Family farmers claim cocoa export | Trias
Home / Most urgent cases / Family farmers claim cocoa export
Give the cocoa producers what they are entitled to

Like most family farmers in the DRC, cocoa producers hardly get the capital, knowledge, organization and network to sell their products at a fair price. Instead, they give away their small production to traders who make the bulk of the value-chain’s benefits. Trias helps to reverse this situation.

Cocoa farmers in Congo

Step 1: Stronger cocoa producers member-based organizations

In the regions where we work, some cocoa producers have united to form cooperatives. We provide these cooperatives with tools, methodologies and trainings to raise their ability to plan and execute their cocoa campaign in a coordinate and efficient way.

Cocoa in Congo

Step 2: Upgrade quality of the cocoa production

Quality is key to sell cocoa to foreign traders. So we help the cooperatives to acquire and multiply the appropriate seeds, we teach agroecological techniques to cultivate the cocoa trees and professional methods to transform them into ready-to-sell cocoa beans.

Cocoa in Congo

Step 3: Access to the export market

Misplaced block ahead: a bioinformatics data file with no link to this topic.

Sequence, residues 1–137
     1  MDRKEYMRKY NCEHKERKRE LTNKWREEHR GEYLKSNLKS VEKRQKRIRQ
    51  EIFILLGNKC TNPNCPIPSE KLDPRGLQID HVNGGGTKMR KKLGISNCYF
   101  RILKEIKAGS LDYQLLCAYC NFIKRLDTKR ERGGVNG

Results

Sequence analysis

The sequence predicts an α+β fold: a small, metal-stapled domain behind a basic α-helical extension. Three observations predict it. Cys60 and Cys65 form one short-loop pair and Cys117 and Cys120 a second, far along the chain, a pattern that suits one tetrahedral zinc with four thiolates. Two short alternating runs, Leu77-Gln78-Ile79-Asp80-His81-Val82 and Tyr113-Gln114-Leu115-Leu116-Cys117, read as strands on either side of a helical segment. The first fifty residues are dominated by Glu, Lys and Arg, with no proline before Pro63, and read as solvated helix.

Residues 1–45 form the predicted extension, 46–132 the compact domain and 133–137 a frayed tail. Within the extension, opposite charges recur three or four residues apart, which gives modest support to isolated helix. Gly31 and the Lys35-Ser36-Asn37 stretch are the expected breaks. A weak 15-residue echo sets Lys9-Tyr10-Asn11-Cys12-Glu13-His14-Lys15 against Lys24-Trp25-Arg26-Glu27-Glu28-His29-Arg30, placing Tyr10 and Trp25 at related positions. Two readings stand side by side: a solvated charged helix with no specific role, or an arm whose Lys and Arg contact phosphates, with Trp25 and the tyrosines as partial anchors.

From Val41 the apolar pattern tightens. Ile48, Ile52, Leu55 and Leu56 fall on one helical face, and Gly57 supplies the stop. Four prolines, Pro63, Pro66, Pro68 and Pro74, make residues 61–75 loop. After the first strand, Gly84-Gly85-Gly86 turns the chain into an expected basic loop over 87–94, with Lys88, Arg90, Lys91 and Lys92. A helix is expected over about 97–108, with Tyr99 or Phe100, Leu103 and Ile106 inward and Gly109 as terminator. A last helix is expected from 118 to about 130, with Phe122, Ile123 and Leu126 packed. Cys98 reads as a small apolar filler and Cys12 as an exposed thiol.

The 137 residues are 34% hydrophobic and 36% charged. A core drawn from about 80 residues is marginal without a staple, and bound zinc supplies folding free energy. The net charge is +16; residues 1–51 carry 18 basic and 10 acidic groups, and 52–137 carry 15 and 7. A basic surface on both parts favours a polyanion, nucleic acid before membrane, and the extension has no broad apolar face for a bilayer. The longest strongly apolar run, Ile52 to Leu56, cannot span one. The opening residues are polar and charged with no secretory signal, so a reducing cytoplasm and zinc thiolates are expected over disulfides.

Once produced, the cocoa has to be harvested, transported to the market and sold. Family farmers are not familiar with crops trading. We bring together foreign cocoa buyers and the leaders of the cocoa cooperatives to help them negotiate fair cacao selling conditions. 

Woman in Congo

Thank you for standing up for Congolese cocoa producers!

Support us, as a private individual

By making a one-off donation you support the independence of the cocoa farmers in Congo.

Support us, as an organisation

We would be delighted to develop a customised support package for businesses or other organisations that would like to help cocoa farmers in Congo become more powerful. Give Koen Brebels a call on +32 (0)2 548 01 26.

Other projects

Working night and day against better judgement?
What point is there in working 16 hours a day when nobody tells you about the right production techniques or current market prices? Trias acts with expertise.
Farmers, stockbreeders and wild animals under pressure
In the arid north of Tanzania, rising population and scarce natural resources require fields, grazing areas and migratory routes for wild animals to be more clearly defined.
Chance of failure: 70 per cent
Nashaly wants to stand on her own two feet but will she ever manage? In South Africa, almost 70 per cent of fledgling entrepreneurs goes bankrupt within two years. Will you help us fulfill the dreams of people like Nashaly?